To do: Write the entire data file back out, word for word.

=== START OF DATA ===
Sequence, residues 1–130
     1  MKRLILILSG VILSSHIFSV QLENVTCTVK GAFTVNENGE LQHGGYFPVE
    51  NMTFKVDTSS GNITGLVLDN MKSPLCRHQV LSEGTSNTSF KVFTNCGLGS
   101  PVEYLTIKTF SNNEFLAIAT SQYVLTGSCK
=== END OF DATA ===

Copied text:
Sequence, residues 1–130
     1  MKRLILILSG VILSSHIFSV QLENVTCTVK GAFTVNENGE LQHGGYFPVE
    51  NMTFKVDTSS GNITGLVLDN MKSPLCRHQV LSEGTSNTSF KVFTNCGLGS
   101  PVEYLTIKTF SNNEFLAIAT SQYVLTGSCK